Try comparing the case of a 14-year-old girl who was raped in Mukdahan Province and the case of Lunlabelle, a ‘pretty’ model who was raped and killed. Social opinions on the two cases are clearly different.
“Even though a hundred years has passed, many cases which occur in Thai society today are similar to the case of Amdaeng-onsa, including the attitude of the state and what those in power do to women. This means that in the past hundred years, we have not been able to solve the problem of rape at all, especially for women who cannot access the justice system from the state. If we’re still stuck with the ‘good woman’ - ‘bad woman’ frame according to social standards, and discrimination which does not lead to justice towards those who have been raped or sexually assaulted, the problem of rape will never disappear from Thai society. That is why people in society should be made to see that rape is an offence which should have no exceptions and that rape is not a punishment reserved for women who do not act according to the frame that society wants,” Pattarat said.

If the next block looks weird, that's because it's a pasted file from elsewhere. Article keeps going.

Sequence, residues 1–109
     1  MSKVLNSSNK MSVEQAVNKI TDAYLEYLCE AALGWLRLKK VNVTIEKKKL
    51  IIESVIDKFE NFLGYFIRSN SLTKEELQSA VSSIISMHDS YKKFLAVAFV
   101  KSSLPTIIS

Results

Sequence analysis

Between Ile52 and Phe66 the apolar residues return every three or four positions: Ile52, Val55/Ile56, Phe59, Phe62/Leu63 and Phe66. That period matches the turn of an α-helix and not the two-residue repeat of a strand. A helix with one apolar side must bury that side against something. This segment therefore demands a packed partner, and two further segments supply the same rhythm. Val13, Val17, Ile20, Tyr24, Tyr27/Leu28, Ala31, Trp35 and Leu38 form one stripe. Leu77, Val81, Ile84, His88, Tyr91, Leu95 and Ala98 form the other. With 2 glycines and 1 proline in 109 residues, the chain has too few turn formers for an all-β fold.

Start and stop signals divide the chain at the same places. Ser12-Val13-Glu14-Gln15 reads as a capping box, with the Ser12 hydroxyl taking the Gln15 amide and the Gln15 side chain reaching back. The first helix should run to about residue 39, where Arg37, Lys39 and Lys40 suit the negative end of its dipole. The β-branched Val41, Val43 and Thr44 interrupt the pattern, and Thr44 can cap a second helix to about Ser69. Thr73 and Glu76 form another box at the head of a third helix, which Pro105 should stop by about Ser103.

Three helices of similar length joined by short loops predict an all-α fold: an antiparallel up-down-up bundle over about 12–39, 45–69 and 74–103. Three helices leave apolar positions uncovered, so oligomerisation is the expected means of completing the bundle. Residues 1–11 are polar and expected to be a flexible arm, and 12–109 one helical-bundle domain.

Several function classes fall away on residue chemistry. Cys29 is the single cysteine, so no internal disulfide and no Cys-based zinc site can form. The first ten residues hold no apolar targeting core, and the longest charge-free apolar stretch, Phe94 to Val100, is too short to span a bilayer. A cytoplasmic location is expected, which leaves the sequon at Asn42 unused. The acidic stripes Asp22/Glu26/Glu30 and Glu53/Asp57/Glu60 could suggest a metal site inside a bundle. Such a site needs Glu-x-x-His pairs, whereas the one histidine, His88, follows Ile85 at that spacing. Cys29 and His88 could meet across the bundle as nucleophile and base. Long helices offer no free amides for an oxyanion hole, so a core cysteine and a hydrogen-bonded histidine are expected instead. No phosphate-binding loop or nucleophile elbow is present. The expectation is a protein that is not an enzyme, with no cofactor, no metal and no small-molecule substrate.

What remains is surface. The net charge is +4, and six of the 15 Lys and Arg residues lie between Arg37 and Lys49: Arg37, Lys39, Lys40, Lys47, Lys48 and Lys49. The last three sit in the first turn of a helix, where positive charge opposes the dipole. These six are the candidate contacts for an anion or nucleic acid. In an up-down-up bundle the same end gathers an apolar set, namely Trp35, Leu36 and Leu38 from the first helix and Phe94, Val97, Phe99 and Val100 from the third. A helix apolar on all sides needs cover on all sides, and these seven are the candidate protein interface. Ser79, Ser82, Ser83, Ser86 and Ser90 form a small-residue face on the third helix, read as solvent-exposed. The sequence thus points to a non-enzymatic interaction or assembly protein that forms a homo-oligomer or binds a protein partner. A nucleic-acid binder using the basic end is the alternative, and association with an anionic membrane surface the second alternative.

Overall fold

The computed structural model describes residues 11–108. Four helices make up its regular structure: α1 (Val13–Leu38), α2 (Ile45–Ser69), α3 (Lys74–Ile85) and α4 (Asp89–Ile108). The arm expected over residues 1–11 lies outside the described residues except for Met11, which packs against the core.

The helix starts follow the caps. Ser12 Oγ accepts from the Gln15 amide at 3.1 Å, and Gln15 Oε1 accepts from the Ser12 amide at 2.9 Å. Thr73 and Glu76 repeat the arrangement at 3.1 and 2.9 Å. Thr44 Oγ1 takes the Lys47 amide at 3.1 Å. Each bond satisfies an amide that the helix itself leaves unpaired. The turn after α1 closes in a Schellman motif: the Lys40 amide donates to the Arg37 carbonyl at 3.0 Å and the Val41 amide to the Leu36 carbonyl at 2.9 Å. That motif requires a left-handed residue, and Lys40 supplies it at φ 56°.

Nevertheless, Pattarat still thinks that the issue of the rape of men (including LGBT), children and the elderly is not often mentioned, although these three groups are also experience sexual harassment. Being a man does not mean there is no risk of rape or sexual assault, especially in a society made up only of men such as monks, soldiers, boys boarding schools or even prison. There are very high risks of such incidents, even though not all cases need to end with rape, and when there is rape or sexual assault, it does not mean that men do not feel like women. This is the same in cases of children and the elderly. We find that news of the rape of these two groups has increased a lot.